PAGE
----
Maya said nothing. Her behavior in building the sandcastle was very similar to her son’s; she was trying out an action she should have known from childhood but never had the chance to learn. Shura’s affection for the two of them taught her what was happening, and she helped both Maya and Matan as if they were both her children for a time. So, she allowed them both a rest after lunch at home, Matan in his bedroom and Maya on the couch in the living room.

“I have to go out for a couple of hours,” she told Maya. “Will you be all right if Matan calls?”

“Don’t worry, I feel things are getting better between us, after that nice morning together we’ve had. It was a fantastic idea, building castles in the sand.”

“Yes...” Shura felt the pinch, the things the girl had missed in her own childhood. “All right then. I won’t take any longer than I have to.”

Maya did not ask why she was going out; in her profession as a journalist, Shura had some business that had nothing to do with their life together.

This time, however, it was no professional meeting Shura was going to. As she left their block of flats in the town attached to the big city, Shura passed a few other blocks until she arrived at a small garden. On a bench among bushes and flowerbeds, a girl sat with her head bent and her feet playing in the sand. Shura approached with slow, steady steps, but stopped at a little distance and gazed at her with a wondering, but loving stare.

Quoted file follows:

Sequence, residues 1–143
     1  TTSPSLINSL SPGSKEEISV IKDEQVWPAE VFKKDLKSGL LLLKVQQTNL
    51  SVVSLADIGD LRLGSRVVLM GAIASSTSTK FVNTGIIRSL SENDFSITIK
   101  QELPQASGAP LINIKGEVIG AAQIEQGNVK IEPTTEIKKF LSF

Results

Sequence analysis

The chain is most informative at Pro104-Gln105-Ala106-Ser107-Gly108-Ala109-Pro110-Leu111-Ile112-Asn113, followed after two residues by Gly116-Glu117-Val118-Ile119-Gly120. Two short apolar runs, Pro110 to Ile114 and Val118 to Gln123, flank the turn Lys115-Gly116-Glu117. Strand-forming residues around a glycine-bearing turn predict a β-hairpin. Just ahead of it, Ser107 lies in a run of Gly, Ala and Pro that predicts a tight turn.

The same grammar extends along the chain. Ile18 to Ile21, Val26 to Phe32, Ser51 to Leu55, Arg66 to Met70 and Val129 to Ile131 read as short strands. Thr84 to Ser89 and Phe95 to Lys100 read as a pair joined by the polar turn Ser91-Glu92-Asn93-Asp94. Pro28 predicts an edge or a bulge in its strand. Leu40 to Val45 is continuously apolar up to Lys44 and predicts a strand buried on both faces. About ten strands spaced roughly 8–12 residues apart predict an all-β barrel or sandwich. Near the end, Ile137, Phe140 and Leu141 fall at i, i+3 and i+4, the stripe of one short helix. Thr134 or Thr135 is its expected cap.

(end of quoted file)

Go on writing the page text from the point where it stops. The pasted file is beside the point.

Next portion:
“Galit!” she said at last.

The girl stirred and raised her head. Her black eyes filled with tears.

“Galit, you wanted to see me! After all this time!” Shura cried and came nearer. The girl did not rise toward her, only gazed as if trying to rediscover her mother. Shura sat by her side, took hold of her shoulders and pressed her to her body. As they were close to each other, both the similarity and the difference between them were well marked. They both had a halo of curly hair around their heads, but Shura’s was warm brown and Galit’s jet black; Shura had hazel brown eyes and a soft, full body, while Galit’s eyes were shiny black and a solid, bony body.

Galit’s eyes were dry now, and she moved away from her mother, whose eyes were wet when she looked at her daughter.

“So, what happened?” Shura asked at last. “Everything all right with your father, your sisters?”

“As if you care!” the daughter burst out.

“Of course I care, believe it or not. I love you as always.”

“Even Father?” Galit did not believe her.

“Even Father. I simply could not live with him any more, that’s all!”

Galit shook her head, did not want to believe her. “I met what’s-her-name, by accident!”

Shura straightened. “Maya? Where?”

“Does not matter where. I met her!”

For a while Shura said nothing. “So what?” she asked at last.

“So what? You ask me so what? For her you left Father? I don’t understand any of this! Can you explain it?” she demanded, raised her head and looked at her mother with burning eyes.

Shura paused. How can you explain such things to a girl who had not yet fallen in love either with a man or a woman?

Proceed to part 2...

Copyright © 2007 by Tala Bar